Chanel Bonfire (Hardcover)
This is one of those juicy “Mommy Dearest” memoirs, one where you simply cannot believe that a mother would act the way she does, one where you feel intense sympathy for the children, and one where you cannot wait to find out what terrible thing she does next.
Lawless is a great writer, and the story is plotted and paced perfectly. At the beginning of her story, I understood her mother, Georgann. A few more chapters in, I at least had empathy for her. A few more chapters in, and I saw her for what she was, with no filter. You see how decisions in life can mold and make a person, how mental illness can make someone can go from manically happy to deeply depressed in the blink of an eye, and how all of that affects the ones closest to them.— Stef Schmidt
January 2013 Indie Next List
“Lawless has written a compelling, engaging, sometimes funny, and at times shocking tale of her childhood. Her mother, Georgann Rea, was a narcissist of the highest order, and Wendy and her younger sister suffered terrible emotional deprivation at her hands. From a very young age, when her mother attempts suicide for the first time, Wendy struggles to protect her sister and herself from a woman who lived a life of decadence, alcoholism, adultery, and lies. Lawless ultimately makes peace with herself and learns to live on her own terms, a process remarkably recounted in this searing memoir.”
— Ellen Burns, Books on the Common, Ridgefield, CT
In her stunning memoir, Wendy Lawless tells the often heartbreaking tale of her unconventional upbringing with an unstable alcoholic and suicidal mother--a real-life Holly Golightly turned Mommie Dearest--and the uncommon sense of resilience that allowed her to rise above it all. Don't forget to look out for Wendy's follow-up memoir, Heart of Glass, coming March 2016 from Gallery Books.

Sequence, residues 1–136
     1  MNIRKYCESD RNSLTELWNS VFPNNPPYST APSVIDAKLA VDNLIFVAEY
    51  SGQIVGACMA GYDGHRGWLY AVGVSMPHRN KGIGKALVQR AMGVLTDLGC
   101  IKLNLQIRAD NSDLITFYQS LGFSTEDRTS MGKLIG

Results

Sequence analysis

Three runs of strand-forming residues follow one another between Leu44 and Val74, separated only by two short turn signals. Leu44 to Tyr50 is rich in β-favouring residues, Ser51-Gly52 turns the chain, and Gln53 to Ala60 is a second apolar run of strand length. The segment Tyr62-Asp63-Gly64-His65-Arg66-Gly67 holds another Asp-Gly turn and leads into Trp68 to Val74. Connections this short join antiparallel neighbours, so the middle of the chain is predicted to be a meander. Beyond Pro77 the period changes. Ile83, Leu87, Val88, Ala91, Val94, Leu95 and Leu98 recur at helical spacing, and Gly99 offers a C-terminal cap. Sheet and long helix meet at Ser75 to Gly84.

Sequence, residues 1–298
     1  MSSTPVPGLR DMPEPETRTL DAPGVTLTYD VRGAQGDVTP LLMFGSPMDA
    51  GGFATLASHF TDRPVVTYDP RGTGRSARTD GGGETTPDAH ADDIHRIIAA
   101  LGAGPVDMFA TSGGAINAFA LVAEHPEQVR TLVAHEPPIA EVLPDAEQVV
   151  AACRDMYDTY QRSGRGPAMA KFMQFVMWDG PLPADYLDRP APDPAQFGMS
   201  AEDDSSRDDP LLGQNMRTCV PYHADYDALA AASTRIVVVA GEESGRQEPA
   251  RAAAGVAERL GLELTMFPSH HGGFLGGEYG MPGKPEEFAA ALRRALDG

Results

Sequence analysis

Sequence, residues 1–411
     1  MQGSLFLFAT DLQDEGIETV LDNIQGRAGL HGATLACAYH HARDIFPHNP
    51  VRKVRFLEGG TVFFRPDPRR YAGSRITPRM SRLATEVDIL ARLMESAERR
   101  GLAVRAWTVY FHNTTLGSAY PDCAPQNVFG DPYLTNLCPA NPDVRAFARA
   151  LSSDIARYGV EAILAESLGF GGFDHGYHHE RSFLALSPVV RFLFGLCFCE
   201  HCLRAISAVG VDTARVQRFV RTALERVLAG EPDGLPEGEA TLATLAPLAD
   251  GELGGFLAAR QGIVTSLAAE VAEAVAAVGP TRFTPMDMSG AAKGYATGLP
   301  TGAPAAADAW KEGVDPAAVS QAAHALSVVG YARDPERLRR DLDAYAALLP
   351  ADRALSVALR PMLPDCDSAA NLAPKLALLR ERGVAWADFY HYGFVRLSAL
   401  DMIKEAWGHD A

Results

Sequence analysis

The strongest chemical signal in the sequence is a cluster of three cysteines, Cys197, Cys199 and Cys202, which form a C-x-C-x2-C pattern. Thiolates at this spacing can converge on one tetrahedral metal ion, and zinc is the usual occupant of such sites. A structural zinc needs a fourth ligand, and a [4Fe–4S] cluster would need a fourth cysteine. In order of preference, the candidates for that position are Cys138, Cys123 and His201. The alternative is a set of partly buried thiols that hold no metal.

Georgann Rea didn't bake cookies or go to PTA meetings; she wore a mink coat and always had a lit Dunhill plugged into her cigarette holder. She'd slept with too many men and a few women, and she didn't like dogs or chil-dren. Georgann possessed the icy beauty of a Hitchcock heroine with the cold heart to match.
From living at the Dakota in 1960s Manhattan to London's swinging town houses and beyond, Wendy Lawless and her younger sister navigated day-to-day life as their unstable and fabulously neglectful mother, Georgann, chased her delusions, suffered dramatic breakdowns, and survived suicide attempts. With clear-eyed grace and flashing wit, Lawless portrays the highs and lows of her unhinged upbringing--and how she survived her mother's endlessly destructive search for glamour and fulfillment--in "a searing memoir that reads like a novel" (Anne Korkeakivi, An Unexpected Guest).